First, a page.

Satanic, subconscious, or something else?
This month's Smithsonian Magazine, in tune with October's spooky theme, has a long and fascinating article about the history of the Ouija board. Surprisingly, for such an iconic item, the history of the board's development was difficult for a researcher to track down.
Although the popularity of the modern Ouija board dates to the American obsession with spiritualism in the 1800s, the concept is much older and cosmopolitan. The basic idea is that you give over control of your hands to the spirits, allowing them to guide you into communicating their answers to your questions. The same concept underlies automatic writing and many other forms of scrying, both ancient and modern.
The contemporary psychological answer to the functionality of the Ouija board is that it allows the players to tap into their subconscious. Except in cases of deliberate fraud, most Ouija board users are unaware of the fact that they are deliberately guiding the planchette around the board. Their subconscious guides the little wooden piece around to all the letters, representing a more direct expression of the subconscious than we usually allow ourselves. (So Freudian!)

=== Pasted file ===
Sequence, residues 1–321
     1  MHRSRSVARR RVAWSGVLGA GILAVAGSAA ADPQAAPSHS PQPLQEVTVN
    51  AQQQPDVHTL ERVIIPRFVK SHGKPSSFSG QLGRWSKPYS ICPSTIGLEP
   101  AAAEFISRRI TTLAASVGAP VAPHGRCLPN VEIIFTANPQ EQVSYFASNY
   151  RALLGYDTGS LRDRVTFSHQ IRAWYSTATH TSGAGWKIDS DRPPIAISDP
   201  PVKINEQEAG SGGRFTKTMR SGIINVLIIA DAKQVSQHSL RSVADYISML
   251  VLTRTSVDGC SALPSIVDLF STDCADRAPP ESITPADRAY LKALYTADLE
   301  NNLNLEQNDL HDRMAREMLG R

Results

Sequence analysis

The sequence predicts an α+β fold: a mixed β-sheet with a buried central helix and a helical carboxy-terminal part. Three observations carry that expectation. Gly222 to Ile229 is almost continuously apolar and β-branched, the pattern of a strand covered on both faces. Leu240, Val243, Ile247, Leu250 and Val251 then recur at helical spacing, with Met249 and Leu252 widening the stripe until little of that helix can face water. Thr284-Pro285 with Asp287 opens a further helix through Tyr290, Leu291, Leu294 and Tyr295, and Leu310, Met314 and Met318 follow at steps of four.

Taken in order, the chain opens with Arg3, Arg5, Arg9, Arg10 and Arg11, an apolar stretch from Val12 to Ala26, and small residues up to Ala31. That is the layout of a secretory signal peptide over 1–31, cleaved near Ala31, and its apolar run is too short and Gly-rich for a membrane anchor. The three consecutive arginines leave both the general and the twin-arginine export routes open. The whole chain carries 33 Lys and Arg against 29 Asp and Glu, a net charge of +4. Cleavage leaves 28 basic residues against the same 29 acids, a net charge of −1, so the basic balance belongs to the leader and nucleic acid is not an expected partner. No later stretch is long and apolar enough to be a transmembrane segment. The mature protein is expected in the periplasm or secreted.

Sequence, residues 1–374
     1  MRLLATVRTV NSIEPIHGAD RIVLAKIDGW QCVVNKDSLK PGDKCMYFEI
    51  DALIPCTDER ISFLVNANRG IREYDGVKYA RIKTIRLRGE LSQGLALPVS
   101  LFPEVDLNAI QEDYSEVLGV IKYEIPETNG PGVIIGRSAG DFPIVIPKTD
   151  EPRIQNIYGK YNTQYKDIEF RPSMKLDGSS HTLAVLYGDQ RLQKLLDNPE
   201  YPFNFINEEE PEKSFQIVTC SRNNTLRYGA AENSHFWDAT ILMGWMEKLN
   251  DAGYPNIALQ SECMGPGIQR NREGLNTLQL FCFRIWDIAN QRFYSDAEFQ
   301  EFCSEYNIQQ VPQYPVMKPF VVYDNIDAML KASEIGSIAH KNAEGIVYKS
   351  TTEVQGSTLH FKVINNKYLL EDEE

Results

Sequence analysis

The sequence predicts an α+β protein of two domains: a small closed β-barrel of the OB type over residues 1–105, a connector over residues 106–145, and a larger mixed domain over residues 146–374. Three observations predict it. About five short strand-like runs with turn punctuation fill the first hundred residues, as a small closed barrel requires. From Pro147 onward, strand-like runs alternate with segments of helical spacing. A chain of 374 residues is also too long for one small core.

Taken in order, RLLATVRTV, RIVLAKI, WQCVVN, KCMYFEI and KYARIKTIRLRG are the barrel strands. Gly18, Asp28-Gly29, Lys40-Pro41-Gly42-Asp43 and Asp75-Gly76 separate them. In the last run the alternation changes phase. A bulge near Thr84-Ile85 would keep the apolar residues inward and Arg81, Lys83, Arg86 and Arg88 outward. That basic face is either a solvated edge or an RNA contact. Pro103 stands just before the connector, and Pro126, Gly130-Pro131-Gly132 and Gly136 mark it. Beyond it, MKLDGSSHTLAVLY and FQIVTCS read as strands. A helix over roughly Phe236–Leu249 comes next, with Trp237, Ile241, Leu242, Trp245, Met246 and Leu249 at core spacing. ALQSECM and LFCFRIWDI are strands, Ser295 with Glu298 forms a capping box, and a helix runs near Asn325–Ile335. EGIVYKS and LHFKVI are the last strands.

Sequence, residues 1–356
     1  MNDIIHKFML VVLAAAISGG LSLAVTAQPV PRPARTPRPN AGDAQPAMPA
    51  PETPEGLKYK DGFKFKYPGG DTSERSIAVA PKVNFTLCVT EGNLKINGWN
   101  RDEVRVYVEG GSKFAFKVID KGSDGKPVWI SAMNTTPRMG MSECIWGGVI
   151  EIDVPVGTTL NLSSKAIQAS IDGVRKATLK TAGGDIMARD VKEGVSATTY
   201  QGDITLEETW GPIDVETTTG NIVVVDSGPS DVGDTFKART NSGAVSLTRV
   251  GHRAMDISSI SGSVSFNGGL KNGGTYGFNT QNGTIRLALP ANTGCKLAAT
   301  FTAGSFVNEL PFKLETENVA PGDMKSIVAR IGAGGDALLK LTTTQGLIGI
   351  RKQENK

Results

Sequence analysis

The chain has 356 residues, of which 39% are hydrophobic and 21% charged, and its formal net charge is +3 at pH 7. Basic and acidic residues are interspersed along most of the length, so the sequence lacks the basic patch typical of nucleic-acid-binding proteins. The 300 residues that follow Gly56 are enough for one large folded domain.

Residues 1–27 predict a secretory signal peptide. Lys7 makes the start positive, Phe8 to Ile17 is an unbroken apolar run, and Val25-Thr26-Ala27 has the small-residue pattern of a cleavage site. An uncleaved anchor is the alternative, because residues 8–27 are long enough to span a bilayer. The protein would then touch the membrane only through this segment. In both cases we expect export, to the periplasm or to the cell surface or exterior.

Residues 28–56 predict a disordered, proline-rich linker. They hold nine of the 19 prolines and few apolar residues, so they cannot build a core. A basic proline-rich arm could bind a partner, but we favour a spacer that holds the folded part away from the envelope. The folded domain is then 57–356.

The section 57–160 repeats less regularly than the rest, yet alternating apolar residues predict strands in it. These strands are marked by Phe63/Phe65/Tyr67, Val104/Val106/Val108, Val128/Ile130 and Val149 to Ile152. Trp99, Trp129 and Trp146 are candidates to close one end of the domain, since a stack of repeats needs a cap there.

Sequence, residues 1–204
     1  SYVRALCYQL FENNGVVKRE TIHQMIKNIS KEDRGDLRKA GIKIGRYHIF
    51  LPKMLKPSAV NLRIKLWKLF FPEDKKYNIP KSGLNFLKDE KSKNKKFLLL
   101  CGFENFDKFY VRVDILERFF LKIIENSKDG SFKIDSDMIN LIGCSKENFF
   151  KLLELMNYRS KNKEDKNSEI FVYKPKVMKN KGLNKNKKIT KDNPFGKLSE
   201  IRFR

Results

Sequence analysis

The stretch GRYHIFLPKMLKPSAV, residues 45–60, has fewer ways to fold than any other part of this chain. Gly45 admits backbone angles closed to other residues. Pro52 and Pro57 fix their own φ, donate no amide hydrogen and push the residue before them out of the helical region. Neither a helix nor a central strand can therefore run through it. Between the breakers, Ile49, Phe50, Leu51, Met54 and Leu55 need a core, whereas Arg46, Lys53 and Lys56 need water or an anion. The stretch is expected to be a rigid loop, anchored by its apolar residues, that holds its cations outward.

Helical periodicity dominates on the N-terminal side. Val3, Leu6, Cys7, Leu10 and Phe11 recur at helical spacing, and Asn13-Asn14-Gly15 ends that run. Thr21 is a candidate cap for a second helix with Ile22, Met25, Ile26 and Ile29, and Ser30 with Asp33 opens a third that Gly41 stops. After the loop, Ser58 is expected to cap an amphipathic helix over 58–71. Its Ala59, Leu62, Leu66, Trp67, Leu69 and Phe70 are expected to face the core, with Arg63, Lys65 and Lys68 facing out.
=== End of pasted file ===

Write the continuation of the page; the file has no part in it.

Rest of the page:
Anyone seeking to debunk a Ouija board session can do so easily, by blindfolding all of the participants. However, this doesn't dissuade many people from believing that the so-called board game is actually a tool of the devil. Tales abound of sinister Ouija board sessions, many of which take place at children's sleepover parties.
It's undeniably true that using an Ouija board can be an unsettling experience. Consider this: the Ouija board named itself. When the Kennard Novelty Company created the board, the designer was stumped as to what to call it. His sister-in-law, whom he described as being a "strong medium," sat down with the Ouija board and asked what they should call it. The board responded "Ouija," and when they asked what that meant, it simply answered "Good luck."
The Ouija board has been popular for over 120 years, but it probably hit its high point in the early 1970s after the blockbuster hit The Exorcist. The movie's demonic events are all kicked off by an ill-fated session with a Ouija board, when little 12 year-old Regan, while playing with the board alone one night, is possessed by a demon.
This seems to be the moment when the Ouija board's reputation as being the tool of demonic influences was cemented in the cultural consciousness. Ouija boards have been denounced by religious authorities for years, and have even been burned at religious ceremonies (along with copies of Harry Potter).